Germany is one of the best places to study Medicine. Apart from having world-renowned universities and sophisticated facilities, its public institutions are free of charge. In some cases, an international student may only need to pay a few thousand Euros to study.
As with other countries, studying medicine in Germany can be difficult. We will be going to go over the steps so that you can be successful.
1. What are the requirements to study medicine in Germany?
Foreigners who wish to study in medicine in Germany need to submit the following requirements:
Secondary school leaving certificate comparable to German A-levels
Excellent GPA (preferably 1.0 to 1.1), including good grades in biology, chemistry, and math
Students who have obtained their A-levels in the EU, Liechtenstein, Norway, Iceland and German schools abroad need to course their applications through Hochschulstart. This facilitates the application to admission-restricted courses such as Medicine.
Non-EU students, on the other hand, may place their applications through Uni-Assist.
While grade plays a big role in one’s admission (20% of applicants with the highest GPAs are admitted), universities are now considering other things. These include the applicant’s CV, personal commitment, and motivation.
Such metrics are used in the Standard Assessment Test for Students of Medicine, which is similar to the American Medical College Admission Test. The University of Heidelberg, considered the ‘Harvard’ of Germany, is just one of the universities that adopt this exam.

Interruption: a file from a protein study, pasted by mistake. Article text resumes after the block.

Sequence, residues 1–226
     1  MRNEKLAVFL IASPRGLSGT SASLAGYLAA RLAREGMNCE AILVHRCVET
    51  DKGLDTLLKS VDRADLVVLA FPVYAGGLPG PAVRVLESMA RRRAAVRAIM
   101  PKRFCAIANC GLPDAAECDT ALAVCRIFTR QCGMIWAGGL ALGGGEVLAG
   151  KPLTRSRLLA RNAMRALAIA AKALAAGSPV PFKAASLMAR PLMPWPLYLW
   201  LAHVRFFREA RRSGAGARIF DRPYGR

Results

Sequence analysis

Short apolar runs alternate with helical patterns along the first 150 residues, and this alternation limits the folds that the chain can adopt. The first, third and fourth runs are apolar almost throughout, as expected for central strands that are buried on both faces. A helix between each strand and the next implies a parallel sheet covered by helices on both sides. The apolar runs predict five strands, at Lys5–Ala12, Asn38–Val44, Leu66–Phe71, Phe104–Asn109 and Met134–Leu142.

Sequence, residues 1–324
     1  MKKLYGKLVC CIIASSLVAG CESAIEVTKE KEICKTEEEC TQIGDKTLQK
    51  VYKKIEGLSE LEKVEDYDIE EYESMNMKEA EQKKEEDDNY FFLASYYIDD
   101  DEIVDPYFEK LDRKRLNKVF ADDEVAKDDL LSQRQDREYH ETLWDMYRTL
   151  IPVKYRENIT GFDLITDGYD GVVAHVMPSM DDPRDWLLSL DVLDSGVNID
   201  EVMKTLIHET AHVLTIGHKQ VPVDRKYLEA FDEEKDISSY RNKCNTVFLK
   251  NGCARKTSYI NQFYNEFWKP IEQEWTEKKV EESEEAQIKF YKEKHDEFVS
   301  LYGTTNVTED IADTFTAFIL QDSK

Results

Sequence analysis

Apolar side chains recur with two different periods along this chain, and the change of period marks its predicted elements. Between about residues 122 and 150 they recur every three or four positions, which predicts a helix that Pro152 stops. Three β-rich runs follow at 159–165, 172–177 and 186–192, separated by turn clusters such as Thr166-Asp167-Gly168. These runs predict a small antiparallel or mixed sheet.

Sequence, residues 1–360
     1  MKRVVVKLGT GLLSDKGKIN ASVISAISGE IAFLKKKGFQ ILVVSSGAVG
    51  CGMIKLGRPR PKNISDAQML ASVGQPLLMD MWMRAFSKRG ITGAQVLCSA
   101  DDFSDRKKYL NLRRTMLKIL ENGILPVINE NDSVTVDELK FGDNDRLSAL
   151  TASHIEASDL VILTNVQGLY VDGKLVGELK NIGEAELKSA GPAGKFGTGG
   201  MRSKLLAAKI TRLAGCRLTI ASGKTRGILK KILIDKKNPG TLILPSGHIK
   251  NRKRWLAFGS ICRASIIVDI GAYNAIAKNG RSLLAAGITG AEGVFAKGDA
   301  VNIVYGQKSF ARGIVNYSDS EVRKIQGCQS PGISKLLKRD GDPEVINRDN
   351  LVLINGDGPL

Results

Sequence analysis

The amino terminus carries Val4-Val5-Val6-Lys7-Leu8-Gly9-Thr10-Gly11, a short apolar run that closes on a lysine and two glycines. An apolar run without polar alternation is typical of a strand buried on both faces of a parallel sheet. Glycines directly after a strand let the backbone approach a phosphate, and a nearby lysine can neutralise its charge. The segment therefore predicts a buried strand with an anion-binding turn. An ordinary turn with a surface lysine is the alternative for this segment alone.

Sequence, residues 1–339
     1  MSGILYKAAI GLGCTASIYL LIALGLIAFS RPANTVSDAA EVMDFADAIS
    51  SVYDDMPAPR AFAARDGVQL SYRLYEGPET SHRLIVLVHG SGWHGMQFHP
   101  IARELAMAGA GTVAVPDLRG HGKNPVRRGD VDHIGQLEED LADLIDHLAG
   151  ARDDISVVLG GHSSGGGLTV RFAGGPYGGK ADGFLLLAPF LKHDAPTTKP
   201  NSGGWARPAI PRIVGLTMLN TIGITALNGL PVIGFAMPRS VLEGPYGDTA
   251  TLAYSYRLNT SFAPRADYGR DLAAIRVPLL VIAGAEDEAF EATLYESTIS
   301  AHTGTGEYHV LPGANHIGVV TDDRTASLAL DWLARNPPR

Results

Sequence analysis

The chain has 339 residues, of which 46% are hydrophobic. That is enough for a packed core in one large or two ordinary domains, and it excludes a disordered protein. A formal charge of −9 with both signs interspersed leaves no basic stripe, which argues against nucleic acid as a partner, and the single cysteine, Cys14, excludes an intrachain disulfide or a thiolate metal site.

2. In what language do you study medicine in Germany?
Several schools, such as the University Targu Mures Medical Campus Hamburg (UMCH), offer a Medicine program in English. However, it is important to learn German as it is the primary language used for bedside teaching. It’s also the language used in the Staatsexamen or the state exam after graduation. As such, foreigners should have C1 German proficiency to study medicine in Germany, although some universities are good with a B2 level.
3. Can you study medicine in Germany as an international student?
Yes. Some schools accept foreign applicants, who have the option to study Medicine in either German or English.
4. What are the components of the medical curriculum in Germany?
The German Human Medicine program is a 6-year, 3-month course that can be applied right out of high school.
International students whose certifications are not recognized in Germany will need to undergo a prep year of Studienkolleg prior. This 2-semester course ends with the Feststellungsprüfung exam that allows the student to enter German higher education.
The first two years constitute the pre-clinical phase (Vorklinik). At UMCH for example, the focus is on basic and complementary subjects. This term covers three modules every 2 weeks, with subjects ranging from the biophysical, biochemical, biological, and molecular bases of Medicine. The second focus is the anatomical and physiological human structures.
Add to that, subjects in medical sociology and psychology and doctor-patient communication are given as well.
Lessons are taught through lectures, seminars, and practical courses, to name a few. Students need to undergo a 3-month nursing internship as well.